Theoretical & Conceptual Framework
Figure 4: Conceptual framework for this thesis
The authors that surround the four concepts, shown in Figure 4, are the most significant of those that have provided me with theoretical insight, foundation and explanation for the development of my own understanding.
My increasingly responsibility in rôles as a teacher, software developer, media designer, team leader and director together with a natural proclivity to be reflective practitioner, has broadened and deepened my understanding of the factors which lead to effective design methods and criteria for improving design quality in iterative design cycles.
Much of this understanding began as tacit in nature, but as I have had extensive opportunity to present work at conferences and workshops, I have made improving explanations of these factors and criteria to create my own theoretical framework in four key analyses, all of which are intended to inform my concept of design:
- [A1] Expressive constructivism - a creative and constructivist view of learning itself, founded on my concept of learner;
- [A2] How can technology enhance learning - some of the key contributions technology can make to learning, founded on my concepts of technology and learner;
- [A3] The learner at the centre - a learner-centred, holistic view of the decision points in education, founded on my concepts of learner and education;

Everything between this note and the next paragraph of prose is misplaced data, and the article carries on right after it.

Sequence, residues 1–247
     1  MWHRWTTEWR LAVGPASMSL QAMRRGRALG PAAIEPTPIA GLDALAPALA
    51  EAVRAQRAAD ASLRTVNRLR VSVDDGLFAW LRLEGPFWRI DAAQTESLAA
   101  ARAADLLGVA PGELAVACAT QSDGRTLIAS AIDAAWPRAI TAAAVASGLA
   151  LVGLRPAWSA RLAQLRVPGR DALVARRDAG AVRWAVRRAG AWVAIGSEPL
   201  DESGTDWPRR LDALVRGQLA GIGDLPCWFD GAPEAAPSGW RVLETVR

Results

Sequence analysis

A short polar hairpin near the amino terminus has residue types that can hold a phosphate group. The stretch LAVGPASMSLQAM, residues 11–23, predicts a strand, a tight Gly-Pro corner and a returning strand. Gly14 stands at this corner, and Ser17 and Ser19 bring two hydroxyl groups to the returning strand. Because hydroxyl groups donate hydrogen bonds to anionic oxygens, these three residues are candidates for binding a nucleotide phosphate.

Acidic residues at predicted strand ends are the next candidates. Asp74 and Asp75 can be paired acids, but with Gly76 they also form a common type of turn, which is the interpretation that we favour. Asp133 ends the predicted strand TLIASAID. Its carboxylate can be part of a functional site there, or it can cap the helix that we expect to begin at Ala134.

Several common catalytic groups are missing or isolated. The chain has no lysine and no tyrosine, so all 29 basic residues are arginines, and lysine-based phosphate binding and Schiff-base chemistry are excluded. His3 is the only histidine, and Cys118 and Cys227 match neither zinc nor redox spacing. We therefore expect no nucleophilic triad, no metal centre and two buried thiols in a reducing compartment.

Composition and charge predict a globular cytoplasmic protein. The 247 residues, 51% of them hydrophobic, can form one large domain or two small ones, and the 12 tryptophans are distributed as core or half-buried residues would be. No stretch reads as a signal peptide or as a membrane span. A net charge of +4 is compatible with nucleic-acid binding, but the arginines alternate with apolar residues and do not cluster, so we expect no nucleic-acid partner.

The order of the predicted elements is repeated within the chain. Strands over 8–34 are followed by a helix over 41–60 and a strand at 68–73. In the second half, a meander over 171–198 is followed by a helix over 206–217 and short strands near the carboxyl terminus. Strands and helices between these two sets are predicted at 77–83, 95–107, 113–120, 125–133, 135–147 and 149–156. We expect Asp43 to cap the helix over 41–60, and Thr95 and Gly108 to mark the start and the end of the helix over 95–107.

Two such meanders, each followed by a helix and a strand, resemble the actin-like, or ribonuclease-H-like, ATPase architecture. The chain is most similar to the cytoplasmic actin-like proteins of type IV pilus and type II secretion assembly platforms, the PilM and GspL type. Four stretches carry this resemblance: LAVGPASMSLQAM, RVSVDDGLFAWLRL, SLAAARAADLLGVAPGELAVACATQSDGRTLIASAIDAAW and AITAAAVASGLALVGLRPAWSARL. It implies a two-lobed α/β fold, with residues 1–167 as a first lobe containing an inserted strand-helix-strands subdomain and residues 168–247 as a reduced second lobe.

- [A4] Stakeholder perspectives in education - the perspective of issues in education from some other key viewpoints - the teacher and the organisation, founded on my concept of education.
These analyses have been used to steer my design decisions made throughout 36 years of practice. As such they are a development of theories-in-use, and their articulation here espoused theory in Argyris and Schön's terms (1978)
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Design as a verb entails the process of imaginative formation of an entity. In the context of education, the entity, which may be as simple as a text or as complex as an organisation, may provide a response to some or all the key questions to progress learning, from motivation to recognition ([A3] Millwood 2009, The Learner at the Centre). Design as a noun is concerned with the specification of such an entity. A more formal, nuanced and rich definition can be found in Ralph and Wand (2009), but is beyond the scope of the pragmatic view I have taken.
The verb design in my practice is an iterative process of development, accompanied by trialling, feedback and evaluation to determine the focus for further improvement. The mutability of designs may be promoted by their expression in computer formats, which offer ready correction and change. With the advent of computer programs, many designs can be expressed in the computer language or information system directly, although not all such languages make such designs accessible. This is the domain of Learning Design (Koper 2006), where one possible benefit is that the design may become enacted through the computer to guide a student on a learning trajectory, but this is not territory which I have explored in any detail in my practice, preferring designs to provide infrastructure and tools for human decision making in a freer sense. I regard learning as less likely to succeed when too tightly prescribed and in its nature, more of a creative activity which benefits from openness in outcome rather than to be restricted to such sequences with too closely focussed learning outcomes.